CC Times Endorses Jack Weir - No Pleasant Hill Tax - the "No on Measure T" campaign
Contra Costa Times editorial: We recommend Jack Weir and Terri Williamson for Pleasant Hill City Council  PLEASANT HILL CITY COUNCIL: Incumbent and newcomer have a better grasp on the city's new fiscal reality

MediaNews editorial

Posted: 10/06/2010 12:01:00 AM PDT

PLEASANT HILL faces a new fiscal reality -- and it needs City Council members who understand that. For that reason, of the five candidates running for two seats in the Nov. 2 election, we endorse Jack Weir and incumbent Terri Williamson.

The city's current two-year budget spends $1.2 million more than it takes in. Sales tax, on which the city is highly dependent, was down about 15 percent from expectations last year. To help make up the shortfall, the city is seeking voter approval on Nov. 2 for a utility tax increase.

Yet, at the same time, the city, with a tradition of generous employee benefits, provides nearly free health care and completely free pensions to its workers.

City workers pay $55 a month for medical coverage, regardless of the number of dependents. The city pays the rest, which works out to about $1,000 per employee per month. As for retirement, the city not only pays the employer share of payments to the state retirement system, it also picks up the employee share. As a result, for every dollar of payroll, the city pays another 37 cents for police pensions and 19 cents for the retirement of other workers.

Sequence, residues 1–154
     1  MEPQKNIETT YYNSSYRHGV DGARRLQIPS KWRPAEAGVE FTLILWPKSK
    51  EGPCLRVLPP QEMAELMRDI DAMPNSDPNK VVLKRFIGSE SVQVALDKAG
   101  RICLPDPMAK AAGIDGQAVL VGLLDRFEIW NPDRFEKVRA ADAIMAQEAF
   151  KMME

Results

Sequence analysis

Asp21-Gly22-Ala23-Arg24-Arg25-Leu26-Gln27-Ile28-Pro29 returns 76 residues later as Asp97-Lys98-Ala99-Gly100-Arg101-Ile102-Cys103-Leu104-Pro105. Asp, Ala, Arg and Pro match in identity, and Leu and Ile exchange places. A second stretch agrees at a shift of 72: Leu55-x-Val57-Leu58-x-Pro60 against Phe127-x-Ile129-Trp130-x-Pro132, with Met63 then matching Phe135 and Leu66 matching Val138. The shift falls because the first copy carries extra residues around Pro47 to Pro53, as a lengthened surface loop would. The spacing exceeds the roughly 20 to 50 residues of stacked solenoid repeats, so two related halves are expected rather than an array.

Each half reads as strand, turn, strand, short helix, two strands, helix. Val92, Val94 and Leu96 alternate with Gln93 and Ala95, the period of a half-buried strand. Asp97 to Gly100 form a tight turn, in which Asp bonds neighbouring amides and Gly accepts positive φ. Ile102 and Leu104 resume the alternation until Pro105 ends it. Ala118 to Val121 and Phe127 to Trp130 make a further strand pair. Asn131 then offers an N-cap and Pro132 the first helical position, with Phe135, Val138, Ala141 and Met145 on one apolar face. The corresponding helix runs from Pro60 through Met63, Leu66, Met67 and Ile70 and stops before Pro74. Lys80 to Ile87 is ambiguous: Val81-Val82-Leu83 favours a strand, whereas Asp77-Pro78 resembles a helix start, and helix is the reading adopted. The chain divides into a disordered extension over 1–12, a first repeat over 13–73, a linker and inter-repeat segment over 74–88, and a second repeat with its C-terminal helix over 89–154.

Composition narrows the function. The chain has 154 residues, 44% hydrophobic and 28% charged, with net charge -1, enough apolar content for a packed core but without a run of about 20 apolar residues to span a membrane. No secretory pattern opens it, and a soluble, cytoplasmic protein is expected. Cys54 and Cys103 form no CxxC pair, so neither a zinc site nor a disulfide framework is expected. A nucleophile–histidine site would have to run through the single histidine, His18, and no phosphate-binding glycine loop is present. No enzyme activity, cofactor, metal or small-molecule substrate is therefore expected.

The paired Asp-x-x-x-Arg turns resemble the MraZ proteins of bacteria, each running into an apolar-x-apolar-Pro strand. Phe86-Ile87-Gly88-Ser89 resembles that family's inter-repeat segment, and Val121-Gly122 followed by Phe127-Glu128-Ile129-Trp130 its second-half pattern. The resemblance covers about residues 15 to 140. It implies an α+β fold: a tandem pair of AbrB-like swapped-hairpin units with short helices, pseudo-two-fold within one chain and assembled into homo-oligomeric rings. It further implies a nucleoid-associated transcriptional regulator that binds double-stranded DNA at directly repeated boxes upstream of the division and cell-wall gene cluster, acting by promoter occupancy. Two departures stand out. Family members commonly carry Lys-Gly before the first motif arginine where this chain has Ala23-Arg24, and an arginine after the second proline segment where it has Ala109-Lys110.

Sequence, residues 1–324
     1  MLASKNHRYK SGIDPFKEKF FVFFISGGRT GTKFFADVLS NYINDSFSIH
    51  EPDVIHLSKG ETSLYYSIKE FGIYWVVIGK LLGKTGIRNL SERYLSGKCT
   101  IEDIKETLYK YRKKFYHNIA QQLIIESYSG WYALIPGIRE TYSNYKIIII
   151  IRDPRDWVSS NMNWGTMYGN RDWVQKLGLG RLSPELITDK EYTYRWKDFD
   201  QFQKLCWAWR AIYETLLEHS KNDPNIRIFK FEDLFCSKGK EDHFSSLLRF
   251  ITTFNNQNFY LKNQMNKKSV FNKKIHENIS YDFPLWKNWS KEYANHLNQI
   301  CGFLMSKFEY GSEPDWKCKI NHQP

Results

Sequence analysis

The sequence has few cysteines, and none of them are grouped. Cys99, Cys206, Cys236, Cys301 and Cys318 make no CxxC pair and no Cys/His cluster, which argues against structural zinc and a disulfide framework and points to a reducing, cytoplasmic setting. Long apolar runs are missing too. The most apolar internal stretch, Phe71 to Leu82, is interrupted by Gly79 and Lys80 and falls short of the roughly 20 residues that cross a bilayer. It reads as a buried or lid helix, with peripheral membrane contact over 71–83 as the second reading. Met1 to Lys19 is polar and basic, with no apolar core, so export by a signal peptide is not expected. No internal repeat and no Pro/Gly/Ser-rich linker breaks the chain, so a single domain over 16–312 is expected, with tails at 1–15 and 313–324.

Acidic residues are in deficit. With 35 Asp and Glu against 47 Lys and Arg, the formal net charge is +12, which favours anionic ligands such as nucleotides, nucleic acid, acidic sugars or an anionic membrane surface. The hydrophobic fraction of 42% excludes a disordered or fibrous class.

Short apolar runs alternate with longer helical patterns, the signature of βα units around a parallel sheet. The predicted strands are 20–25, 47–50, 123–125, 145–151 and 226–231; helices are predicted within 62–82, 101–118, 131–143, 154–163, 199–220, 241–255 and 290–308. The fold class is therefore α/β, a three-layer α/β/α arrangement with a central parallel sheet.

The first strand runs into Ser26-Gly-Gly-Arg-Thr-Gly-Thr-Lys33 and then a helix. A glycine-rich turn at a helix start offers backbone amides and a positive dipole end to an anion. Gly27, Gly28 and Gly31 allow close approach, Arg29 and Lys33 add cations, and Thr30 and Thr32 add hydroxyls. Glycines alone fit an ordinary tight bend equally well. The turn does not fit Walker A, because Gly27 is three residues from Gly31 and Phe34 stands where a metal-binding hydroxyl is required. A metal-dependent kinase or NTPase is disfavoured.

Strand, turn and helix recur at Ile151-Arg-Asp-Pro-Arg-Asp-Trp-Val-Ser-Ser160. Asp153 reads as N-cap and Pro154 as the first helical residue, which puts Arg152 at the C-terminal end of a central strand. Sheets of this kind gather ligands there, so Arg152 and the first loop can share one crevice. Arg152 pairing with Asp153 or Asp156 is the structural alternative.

That was bad policy when the city was flush with cash; it's horrible now that revenues have shrunk. As the city enters negotiations next year with all of its employee unions, the council needs to remember that its first obligation is to provide services while being mindful of the taxpayer burden.

Interestingly, if the city required employees to pay their share of retirement, it would free up nearly as much money as the utility tax increase would generate. The pension change wouldn't solve the city's fiscal problems, but it's an obvious move that could save substantial money.

Credit business consultant Weir with pointing that out. He stands above the other candidates in his critical analysis of the city budget. That's not surprising. Weir brings an impressive resume: Founder of the Pleasant Hill Taxpayers Association; board member of the Contra Costa Taxpayers Association; and member of the citizen oversight committees for bond measures in the John Swett and Mt. Diablo school districts and the Contra Costa Community College District. Weir understands numbers and the seriousness of the city's fiscal plight.

For the second council seat, we endorse Williamson because she clearly understands the city faces troubling financial times and needs to restructure its employee benefits. First elected to the council in 1985, Williamson was a driving force behind the wonderful redevelopment of the city's downtown. As the only council member to oppose the city's latest two-year budget, she correctly questioned its optimistic assumptions that city revenues will rise next fiscal year.

In making these endorsements, we pass over incumbent Michael Harris, a smart and thoughtful guy who, unfortunately, seems badly torn between pleasing city employees and making the tough changes that are badly needed. As for challenger Michael Flake, he needs to build a constituency in the community and think more carefully about some of his proposals, such as using the city economic development director to encourage high school students to patronize an In-N-Out Burger to be built on Contra Costa Boulevard.

Finally, there's former Councilwoman Suzanne Angeli. While she has a long record of service in Pleasant Hill, Angeli is also well-known as a longtime union president representing BART workers. In what could be a very tough upcoming year of negotiations for the city, the last thing taxpayers need is a labor leader on their side of the table.



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